certain controversies and disputes; its collective bargaining with unions is
governed by the New Jersey Employer-Employee Relations Act; and certain
employees are protected by the Civil Service Laws and state personnel
regulations. (Def. Mot. at 63-64) (same) That is much more than WPU
presented in support of the second Fitchik factor in Brennan. Nevertheless,
most, if not all, of these characteristics were also before the court in State of NJ
DEP v. Gloucester, 923 F. Supp. 651, 657-59 (D.N.J. 1995) (Simandle, J.), in
which Glassboro State College was named as a defendant. Gloucester found no
“clear answer as to the [state] colleges’ status under state law. Some Ffactorsl
support a finding of immunity, others do not.” Id. at 658. Gloucester concluded
that “this second Fitchik factor, i.e., the entity’s status under state law, tilts
slightly in favor of finding immunity of the state colleges, but only to a small
degree.” Id. at 659 (quotations omitted).
Gloucester cited general legislative findings that the State colleges are
independent of State government:
The third factor concerns the extent of the institution’s autonomy.
Defendants offer little on this point. WPU argues that a 2011 State
Reorganization Plan consolidated and transferred “powers, functions, and
duties,” previously belonging to the New Jersey Commission on Higher
Education, to the Secretary of Higher Education (the “Secretary”). (Def. Mot. at
64-65) (quoting 43 N.J.R. 1625(a)) “As a result, the Secretary.
and the power to grant or revoke the licenses of State
colleges. Id. (citing N.J. Stat. Ann.
§ 18A:3B-34, 18A:68-6, -7). Defendants fail
to explain specifically how this reorganization has had any impact on the
autonomy of state colleges like WPU.
WPU’s contentions are suggestive, and the issue might profitably be
revisited at the summary judgment stage. I cannot make the necessary findings
without a factual record, however, and the issue is not clear enough as a
matter of law to justifr dismissal on a Rule 12(b)(6) basis. Accordingly,
Defendants’ motion to dismiss all counts against WPU on sovereign immunity
grounds is denied.
The Legislature hereby finds that it is in the best interest of the State
that the State colleges shall be and continue to be given a high degree of
self-government and that the government and conduct of the colleges
shall be free of partisanship. The Legislature finds further that a
decentralization of authority and decision-making to the boards of
trustees and administrators of the State colleges will enhance the idea of
self-government. Such colleges shall be maintained for the purpose of
providing higher education in the liberal arts and sciences and various
professional areas, including the science of education and the art of
teaching, at such places as may be provided by law. The names of the
colleges shall be designated by the board of trustees subject to
regulations of the Commission on Higher Education concerning
university status. The name of each of the existing State colleges shall
continue the same unless a new name is so designated.
N.J. Stat. Ann. § 18A:64-1. Such general declarations of principles, however, might or
might not be overridden by other evidence not properly considered on a motion to
B. Counts Alleging Racial and Gender Discrimination
The Complaint, although it adequately alleges violations of the plaintiffs’
due process and civil rights, including gender discrimination, fails to support
with facts its allegations of racial discrimination. Counts 1, 3, 4, and 8 will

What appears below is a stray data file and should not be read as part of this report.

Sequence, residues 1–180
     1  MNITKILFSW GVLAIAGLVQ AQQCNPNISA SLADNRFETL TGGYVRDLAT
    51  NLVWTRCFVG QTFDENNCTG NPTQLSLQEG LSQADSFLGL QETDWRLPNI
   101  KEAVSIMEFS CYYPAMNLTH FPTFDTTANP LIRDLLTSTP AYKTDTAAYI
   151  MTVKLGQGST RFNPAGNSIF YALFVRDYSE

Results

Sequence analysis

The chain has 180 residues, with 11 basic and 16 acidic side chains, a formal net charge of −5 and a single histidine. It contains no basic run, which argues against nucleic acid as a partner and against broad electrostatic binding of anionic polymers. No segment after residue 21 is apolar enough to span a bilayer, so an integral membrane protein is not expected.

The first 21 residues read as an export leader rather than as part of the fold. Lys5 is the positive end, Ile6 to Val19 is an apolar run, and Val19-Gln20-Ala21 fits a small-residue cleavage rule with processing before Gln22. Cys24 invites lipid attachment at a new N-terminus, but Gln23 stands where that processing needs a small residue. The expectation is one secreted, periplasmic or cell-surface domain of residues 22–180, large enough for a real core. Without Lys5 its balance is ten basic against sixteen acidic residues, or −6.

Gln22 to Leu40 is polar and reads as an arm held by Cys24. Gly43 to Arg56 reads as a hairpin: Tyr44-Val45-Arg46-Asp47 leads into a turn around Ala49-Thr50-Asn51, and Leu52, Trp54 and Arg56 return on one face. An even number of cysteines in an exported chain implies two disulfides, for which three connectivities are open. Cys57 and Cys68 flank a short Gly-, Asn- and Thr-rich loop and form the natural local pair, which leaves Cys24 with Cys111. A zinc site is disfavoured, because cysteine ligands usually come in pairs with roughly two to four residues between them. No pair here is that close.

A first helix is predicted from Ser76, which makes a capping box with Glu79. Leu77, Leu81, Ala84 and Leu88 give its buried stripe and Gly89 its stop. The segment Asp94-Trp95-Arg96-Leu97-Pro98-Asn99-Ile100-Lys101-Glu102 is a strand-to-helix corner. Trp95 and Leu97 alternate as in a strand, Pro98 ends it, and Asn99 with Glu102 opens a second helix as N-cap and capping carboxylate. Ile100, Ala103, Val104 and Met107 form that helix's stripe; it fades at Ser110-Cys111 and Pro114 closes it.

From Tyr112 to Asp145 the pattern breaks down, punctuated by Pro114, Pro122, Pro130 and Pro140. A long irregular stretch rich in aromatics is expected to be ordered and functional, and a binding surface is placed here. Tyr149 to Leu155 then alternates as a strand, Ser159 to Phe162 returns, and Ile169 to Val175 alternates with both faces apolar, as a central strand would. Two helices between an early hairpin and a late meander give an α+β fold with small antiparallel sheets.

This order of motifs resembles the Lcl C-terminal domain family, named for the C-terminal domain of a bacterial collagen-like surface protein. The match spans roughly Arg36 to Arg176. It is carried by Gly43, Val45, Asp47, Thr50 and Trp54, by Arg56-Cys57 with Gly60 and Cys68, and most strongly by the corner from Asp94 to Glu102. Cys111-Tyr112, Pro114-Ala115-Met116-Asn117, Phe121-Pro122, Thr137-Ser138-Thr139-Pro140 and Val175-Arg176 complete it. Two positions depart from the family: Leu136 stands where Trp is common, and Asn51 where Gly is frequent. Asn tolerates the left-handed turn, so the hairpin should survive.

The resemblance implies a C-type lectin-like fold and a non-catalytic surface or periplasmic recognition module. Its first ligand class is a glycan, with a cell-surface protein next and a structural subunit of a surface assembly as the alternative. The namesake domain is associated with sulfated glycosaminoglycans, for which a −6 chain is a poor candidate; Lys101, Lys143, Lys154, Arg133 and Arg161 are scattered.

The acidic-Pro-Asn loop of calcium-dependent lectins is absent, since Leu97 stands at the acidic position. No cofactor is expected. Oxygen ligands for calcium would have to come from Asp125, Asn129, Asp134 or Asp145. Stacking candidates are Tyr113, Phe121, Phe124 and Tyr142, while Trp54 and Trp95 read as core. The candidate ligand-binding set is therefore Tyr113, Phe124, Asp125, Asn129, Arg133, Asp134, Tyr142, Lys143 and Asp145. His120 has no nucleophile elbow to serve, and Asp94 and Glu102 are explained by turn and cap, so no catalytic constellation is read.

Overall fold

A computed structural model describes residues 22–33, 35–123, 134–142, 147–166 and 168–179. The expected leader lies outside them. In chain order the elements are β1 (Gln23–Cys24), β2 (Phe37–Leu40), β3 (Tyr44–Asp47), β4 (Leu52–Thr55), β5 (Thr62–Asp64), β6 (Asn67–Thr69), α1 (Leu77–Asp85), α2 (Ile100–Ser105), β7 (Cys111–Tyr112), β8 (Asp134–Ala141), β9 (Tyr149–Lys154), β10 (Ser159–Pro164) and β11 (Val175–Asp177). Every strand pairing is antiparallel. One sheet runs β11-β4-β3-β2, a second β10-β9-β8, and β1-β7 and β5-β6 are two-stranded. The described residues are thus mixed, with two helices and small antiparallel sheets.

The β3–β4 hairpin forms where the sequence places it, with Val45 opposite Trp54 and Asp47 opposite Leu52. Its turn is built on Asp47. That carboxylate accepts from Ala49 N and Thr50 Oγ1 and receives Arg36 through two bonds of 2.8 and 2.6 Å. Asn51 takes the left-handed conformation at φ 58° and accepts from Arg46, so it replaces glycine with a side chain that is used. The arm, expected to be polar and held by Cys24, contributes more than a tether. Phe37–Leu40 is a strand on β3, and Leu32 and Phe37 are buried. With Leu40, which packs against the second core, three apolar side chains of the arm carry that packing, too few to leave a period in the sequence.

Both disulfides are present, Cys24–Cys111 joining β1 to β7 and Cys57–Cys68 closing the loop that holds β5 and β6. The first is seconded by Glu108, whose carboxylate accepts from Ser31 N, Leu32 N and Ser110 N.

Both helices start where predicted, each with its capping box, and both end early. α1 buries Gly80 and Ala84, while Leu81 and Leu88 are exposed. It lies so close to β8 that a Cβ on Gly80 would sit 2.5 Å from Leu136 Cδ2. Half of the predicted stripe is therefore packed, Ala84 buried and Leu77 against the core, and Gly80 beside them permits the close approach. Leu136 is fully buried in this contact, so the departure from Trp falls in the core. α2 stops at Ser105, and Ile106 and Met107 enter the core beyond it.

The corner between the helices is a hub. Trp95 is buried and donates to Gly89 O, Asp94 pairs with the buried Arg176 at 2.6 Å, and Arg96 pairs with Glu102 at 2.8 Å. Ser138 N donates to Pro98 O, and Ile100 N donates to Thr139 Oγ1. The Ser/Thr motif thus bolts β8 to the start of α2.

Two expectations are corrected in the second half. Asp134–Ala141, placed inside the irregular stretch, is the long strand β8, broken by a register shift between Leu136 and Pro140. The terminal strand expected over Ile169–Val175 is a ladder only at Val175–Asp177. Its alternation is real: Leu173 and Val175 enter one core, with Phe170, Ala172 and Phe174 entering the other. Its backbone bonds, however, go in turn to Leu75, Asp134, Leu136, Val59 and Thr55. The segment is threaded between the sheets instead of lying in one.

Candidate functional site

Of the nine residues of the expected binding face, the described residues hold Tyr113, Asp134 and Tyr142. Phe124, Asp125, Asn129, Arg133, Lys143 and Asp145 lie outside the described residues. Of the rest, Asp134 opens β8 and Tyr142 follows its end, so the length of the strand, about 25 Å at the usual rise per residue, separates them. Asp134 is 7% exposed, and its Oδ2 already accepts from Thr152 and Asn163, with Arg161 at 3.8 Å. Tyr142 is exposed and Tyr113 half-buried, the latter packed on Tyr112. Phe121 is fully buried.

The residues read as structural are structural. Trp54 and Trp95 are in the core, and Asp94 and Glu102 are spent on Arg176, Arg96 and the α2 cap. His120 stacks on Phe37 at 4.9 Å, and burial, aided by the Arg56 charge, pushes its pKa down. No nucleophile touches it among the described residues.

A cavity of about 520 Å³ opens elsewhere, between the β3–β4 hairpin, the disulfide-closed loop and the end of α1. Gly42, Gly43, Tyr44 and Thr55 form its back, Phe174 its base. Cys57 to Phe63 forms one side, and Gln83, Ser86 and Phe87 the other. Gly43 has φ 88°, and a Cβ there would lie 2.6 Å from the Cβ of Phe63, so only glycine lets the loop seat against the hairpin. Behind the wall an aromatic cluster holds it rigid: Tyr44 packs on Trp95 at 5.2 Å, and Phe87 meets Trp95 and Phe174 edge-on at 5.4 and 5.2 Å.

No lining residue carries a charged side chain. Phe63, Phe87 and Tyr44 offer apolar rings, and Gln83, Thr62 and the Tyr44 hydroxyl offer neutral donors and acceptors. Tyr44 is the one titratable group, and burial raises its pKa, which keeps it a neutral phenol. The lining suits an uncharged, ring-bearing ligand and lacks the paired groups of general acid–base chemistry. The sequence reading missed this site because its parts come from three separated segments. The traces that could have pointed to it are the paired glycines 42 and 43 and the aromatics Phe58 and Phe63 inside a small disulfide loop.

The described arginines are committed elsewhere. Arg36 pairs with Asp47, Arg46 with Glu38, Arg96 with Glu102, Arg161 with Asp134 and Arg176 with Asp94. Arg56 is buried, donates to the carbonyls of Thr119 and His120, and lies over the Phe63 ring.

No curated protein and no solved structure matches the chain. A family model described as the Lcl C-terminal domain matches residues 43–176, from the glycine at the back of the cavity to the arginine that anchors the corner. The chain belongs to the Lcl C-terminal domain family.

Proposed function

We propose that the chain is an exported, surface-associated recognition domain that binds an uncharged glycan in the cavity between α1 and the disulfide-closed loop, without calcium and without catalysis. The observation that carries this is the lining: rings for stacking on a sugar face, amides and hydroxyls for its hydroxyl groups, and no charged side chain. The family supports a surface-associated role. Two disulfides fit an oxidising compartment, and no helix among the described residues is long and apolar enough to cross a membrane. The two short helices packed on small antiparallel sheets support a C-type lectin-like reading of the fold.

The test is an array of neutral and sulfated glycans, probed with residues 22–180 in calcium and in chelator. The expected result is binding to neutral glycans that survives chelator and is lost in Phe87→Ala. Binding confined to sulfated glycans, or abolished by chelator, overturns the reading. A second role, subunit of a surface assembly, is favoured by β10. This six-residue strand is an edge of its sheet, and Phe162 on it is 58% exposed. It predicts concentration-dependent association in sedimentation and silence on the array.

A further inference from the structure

therefore be dismissed to the extent they rest on a racial discrimination theory.
1. Title IX Claim (Count One)
In Count One, Plaintiffs allege that they were subjected to gender-based
discrimination in violation of Title IX of the Education Amendments of 1972.
Title IX provides in relevant part, “No person in the United States shall, on the
basis of sex, be excluded from participation in, be denied the benefits of, or be
subjected to discrimination under any education program or activity receiving
Federal financial assistance.” 20 U.S.C.
§ 1681(a) (emphases added). “This
provision, which is enforceable through an implied private right of action, was
enacted to supplement the Civil Rights Act of 1964’s bans on racial
discrimination in the workplace and in universities.” Doe v. Columbia Univ.,
831 F.3d 46, 53 (2d Cir. 2016) (citing Yusuf v. Vassar Coil., 35 F.3d 709, 71415 (2d Cir. 1994)). “Because Title IX prohibits (under covered circumstances)
subjecting a person to discrimination on account of sex, it is understood to bar
the imposition of university discipline where gender is a motivating factor in
the decision to discipline.” Id.
Plaintiffs contend in their briefing that they have adequately alleged three
theories of Title IX claims against Defendants: “erroneous outcome,” “selective
enforcement,” and “deliberate indifference” claims. (P1. Opp. at 11) Differences
between these different theories aside, Plaintiffs concede that in any case they
must adequately allege that “the complained-of conduct was discriminatory.”
(P1. Opp. at 8) (citing Yusuf, 35 F.3d at 715; see also Mallory v. Ohio Univ., 76 F.
App’x 634, 638, (6th Cir. 2003) (“In Yusuf, the Second Circuit, analogizing from
Title VII law, categorized Title IX claims against universities arising from
disciplinary hearings into ‘erroneous outcome’ claims and ‘selective
enforcement’ claims, both of which require a plaintiff to demonstrate that the
conduct of the university in question was motivated by a sexual bias.”)).
Defendants argue that Plaintiffs fail to plead specific facts that would
support a plausible inference of a gender-based discriminatory motive on
Defendants’ part. Plaintiffs counter that in asserting a Title IX claim the
Complaint need only “plead specific facts that support a minimal plausible
inference of such discrimination” to survive a 12(b)(6) motion to dismiss. See